There was something poignant about the decision of L’Wren Scott, Mick Jagger’s American girlfriend, who committed suicide in New York last month, to leave everything she had to him in her will. Maybe it was out of gratitude for his help in keeping her foundering fashion business afloat; or maybe it was just a mark of her devotion to the man she referred to in the will as ‘my Michael Philip Jagger’. But whatever her motive, it was a decision very much against the spirit of the times, one that will further widen the gap between rich and poor by adding property worth £5.5 million to Jagger’s already estimated personal fortune of around £200 million. He is hardly the most needy recipient of such largesse.
The growing wealth gap in society is a matter of widespread and mounting concern, as is the plight of its poorest members. Compassion is now fashionable again, and this is in large part thanks to the popularity of Pope Francis, who announced early in his reign that he would like to preside over a Church ‘which is poor and for the poor’. Setting an example by moving out of his ornate papal apartment into a modest Vatican guesthouse, he warned other members of the Roman Catholic clergy against showing undue extravagance. ‘It breaks my heart when I see a priest or a nun with the latest model of car,’ he said last summer. ‘Cars are necessary, but take a more humble one. Think of how many children die of hunger.’ (He himself swapped the papal limousine for a Ford Focus.)
Since then, the Pope has accepted the resignation of the German Bishop of Limburg, the so-called ‘bishop of bling’, who had angered his congregation by spending more than €31 million on the beautification of his residence; and he has unleashed something approaching panic among the highest-spending prelates in the United States. The Archbishop of Atlanta, Wilton D. Gregory, who had chosen to build himself a new $2.2 million residence with money and land bequeathed to the Church by a nephew of Margaret Mitchell, the author of Gone with the Wind, announced last weekend that he was putting it up for sale; he had earlier apologised for failing ‘to consider the impact on the families throughout the Archdiocese who, though struggling to pay their mortgages, utilities, tuition and other bills, faithfully respond year after year to my pleas to assist with funding our ministries and services’. Gregory is only one of several American bishops recently to have faced sharp criticism for overspending on their houses by lay Catholics citing the example and the teachings of Pope Francis.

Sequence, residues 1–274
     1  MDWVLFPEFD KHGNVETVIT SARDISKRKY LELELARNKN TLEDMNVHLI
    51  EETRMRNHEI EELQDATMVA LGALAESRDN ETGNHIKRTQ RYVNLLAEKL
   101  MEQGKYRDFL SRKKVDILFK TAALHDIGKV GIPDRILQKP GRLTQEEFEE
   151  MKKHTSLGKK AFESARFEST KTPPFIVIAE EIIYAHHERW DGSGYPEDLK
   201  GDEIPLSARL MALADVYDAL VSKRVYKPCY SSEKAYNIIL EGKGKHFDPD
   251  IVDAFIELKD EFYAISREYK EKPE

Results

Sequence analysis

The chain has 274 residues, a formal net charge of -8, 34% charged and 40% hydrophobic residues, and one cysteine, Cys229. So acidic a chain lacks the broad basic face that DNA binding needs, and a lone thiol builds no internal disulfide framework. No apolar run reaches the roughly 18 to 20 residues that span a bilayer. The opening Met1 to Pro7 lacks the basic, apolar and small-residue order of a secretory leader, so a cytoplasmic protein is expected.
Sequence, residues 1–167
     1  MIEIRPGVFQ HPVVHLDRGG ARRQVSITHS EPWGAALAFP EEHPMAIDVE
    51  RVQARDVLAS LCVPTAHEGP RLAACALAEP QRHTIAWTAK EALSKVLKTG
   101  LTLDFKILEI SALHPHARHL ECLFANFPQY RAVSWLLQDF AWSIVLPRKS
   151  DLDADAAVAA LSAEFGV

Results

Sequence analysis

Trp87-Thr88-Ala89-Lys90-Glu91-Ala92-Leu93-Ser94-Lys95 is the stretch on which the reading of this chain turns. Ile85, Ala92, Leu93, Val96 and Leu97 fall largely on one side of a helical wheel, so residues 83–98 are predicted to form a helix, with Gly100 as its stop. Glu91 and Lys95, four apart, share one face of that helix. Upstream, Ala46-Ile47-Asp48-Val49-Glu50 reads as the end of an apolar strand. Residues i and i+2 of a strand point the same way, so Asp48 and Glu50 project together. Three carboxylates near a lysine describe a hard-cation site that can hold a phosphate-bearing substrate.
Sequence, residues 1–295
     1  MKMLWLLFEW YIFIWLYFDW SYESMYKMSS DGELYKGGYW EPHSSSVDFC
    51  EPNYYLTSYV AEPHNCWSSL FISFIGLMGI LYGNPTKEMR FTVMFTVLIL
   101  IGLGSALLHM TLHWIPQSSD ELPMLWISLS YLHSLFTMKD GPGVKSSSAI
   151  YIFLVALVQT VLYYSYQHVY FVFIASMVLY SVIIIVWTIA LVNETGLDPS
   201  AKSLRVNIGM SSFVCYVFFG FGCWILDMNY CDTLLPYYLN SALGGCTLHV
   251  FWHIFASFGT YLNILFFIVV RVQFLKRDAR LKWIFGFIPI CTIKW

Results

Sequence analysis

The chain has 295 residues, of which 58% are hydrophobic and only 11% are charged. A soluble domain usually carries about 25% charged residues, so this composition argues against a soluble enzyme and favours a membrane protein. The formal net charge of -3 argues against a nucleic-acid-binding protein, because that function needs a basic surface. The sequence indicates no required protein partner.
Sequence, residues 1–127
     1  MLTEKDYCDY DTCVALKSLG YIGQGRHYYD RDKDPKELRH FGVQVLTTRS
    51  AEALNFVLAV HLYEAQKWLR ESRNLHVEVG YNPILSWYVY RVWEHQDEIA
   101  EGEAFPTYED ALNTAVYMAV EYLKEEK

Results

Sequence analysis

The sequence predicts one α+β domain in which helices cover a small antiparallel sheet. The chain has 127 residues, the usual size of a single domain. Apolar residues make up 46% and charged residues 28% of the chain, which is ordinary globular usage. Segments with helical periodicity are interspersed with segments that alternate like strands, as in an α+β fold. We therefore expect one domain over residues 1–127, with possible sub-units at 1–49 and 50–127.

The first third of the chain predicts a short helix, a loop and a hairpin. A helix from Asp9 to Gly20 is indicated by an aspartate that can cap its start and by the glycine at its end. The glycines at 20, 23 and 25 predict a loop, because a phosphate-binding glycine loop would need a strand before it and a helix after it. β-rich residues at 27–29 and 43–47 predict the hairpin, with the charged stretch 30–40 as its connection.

In Britain this week, the Cardinal Archbishop of Westminster, Vincent Nichols, joined Justin Welby, the Archbishop of Canterbury, in launching a joint campaign to highlight the plight of the poor. The Cardinal called it a ‘disgrace’ that there were still destitute people in a country as rich as Britain. And last month the Queen herself had caused a stir by saying on a visit to Royal Holloway, University of London: ‘Poor people and their problems don’t get reported often, and they need all the assistance they can get.’ Although the Queen was accused in some circles of constitutional impropriety (as her uncle Edward VIII had been when he declared on a pre-war tour of depressed Welsh mining villages that ‘something must be done’), it would be hard to detect criticism of the government in either her or the archbishops’ remarks.
Nevertheless, this high-level focus on the poor serves to sharpen the controversy over the Conservative leadership’s revival of its plans to raise the threshold at which people pay inheritance tax to £1 million. It will at any rate help strengthen the resolve of Nick Clegg and his friends to resist such a step, and the Lib Dems can look for moral support across the Atlantic to two of the world’s richest men, Bill Gates and Warren Buffett, who believe in inheritance tax as a means of preserving the American ideal of a meritocracy in which everybody starts life with the same opportunities. Gates and Buffett belong to the school of thought that children shouldn’t have things too easy or they could end up being useless good-for-nothings. That could be so, but the poor, of course, are just as likely to end up that way.